Knowing the general requirements for the job type you are focused on will help you to ensure your CV is emphasizing the right skills and experience. It is amazing how much you can alter the orientation of any CV to be development-focused, but be careful not to stretch the truth too far: your summer bartending in Greece is not development work and will not impress a development recruiter, although evidence of international experience may justify its inclusion.
Once you have shifted the focus of your CV from your past career, as with any job application, you should further customize your CV to match the specific job you are applying for. After breaking down the job advert, rewrite your CV to ensure all the required criteria are covered and hopefully some of the desired criteria are met too. If your job history and skills do not meet the requirements, it may be time to gain more experience or learn a new skill.
If your CV is weak in certain areas, now is the time to work on building up your skills and experience. The easiest, cheapest and often most rewarding way of doing this is usually through an internship or volunteering. Future employers will place a very high value on the practical experience you will gain, and will acknowledge the commitment you have shown to embarking on a new career. Simply put, if you do not have the necessary skills and experience, there is no faster way to break into development than by volunteering or interning.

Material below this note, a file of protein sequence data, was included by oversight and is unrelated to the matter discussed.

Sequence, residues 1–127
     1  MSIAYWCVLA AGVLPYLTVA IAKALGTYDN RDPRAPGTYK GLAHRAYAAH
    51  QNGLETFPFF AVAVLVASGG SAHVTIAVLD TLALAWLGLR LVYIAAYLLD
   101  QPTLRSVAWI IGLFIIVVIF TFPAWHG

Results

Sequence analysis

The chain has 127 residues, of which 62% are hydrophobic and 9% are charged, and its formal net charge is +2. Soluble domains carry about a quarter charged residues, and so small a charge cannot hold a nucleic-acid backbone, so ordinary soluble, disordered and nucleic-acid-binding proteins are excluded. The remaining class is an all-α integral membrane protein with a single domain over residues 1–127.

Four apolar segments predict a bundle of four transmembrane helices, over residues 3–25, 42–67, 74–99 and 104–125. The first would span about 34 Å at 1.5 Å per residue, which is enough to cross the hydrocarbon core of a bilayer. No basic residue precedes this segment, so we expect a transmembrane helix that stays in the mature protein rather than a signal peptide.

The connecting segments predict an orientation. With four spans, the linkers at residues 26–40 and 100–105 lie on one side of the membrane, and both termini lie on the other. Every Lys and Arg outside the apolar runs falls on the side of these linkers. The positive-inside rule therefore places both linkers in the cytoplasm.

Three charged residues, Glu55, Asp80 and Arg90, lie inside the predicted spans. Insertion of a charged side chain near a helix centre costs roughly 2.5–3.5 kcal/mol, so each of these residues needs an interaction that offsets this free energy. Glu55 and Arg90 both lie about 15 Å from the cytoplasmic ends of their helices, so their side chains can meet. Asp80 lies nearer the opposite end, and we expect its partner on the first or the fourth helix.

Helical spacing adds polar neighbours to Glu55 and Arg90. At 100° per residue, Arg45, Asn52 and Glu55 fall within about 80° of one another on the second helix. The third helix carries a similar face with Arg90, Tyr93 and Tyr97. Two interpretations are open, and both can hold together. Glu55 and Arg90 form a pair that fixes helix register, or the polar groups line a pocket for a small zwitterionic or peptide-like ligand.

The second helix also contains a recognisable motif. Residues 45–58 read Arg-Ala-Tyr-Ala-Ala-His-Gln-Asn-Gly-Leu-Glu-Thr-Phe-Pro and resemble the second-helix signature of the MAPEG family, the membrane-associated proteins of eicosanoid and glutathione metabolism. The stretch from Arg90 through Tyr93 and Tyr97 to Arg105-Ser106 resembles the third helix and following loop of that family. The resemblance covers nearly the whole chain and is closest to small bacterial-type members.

Expand your network
By increasing your network, you will hear more about available openings, get a headstart in your application, and learn more about development.
Volunteering or an internship has the additional benefit of providing you with key development contacts. If you do your voluntary work or internship in an organization you are hoping to work for you will be optimally placed to find out about any new opportunities that are in the pipeline.
Although many organizations aspire to be equal opportunity and unbiased recruiters, the sad truth is that most jobs are not formally advertised. Many positions are created on an ad hoc basis, and for an overworked human resources manager, a candidate stands no greater advantage than being physically present, with a known ability to perform the role.
Iterate and improve until you get your first break
Rejection is unavoidable, so be prepared for it especially when beginning your job search. Wherever possible, find out why you did not make it to the next round – whether that is interview stage or final selection. Trying to get honest feedback can be difficult, so explain that your motivation is to improve on your future applications and not to start a legal challenge! Bear in mind that many job positions are written with an existing candidate in mind (remember you can become that existing candidate by volunteering or interning!), so do not take rejection too hard.
Build skills wherever the feedback highlights shortcomings or wherever you think your CV is weak. Ask people in your network to review your applications or suggest changes to your approach. You might even consider asking them to show your CV to their hiring department to get some impartial feedback. This is a subtle way to get your CV in front of more people!
Remember that landing your first role in development is always going to be the hardest. Once you get that first break, you will find future job opportunities much easier to come by! The development world is a small one, so build a strong reputation and you will find your new career opening out in front of you.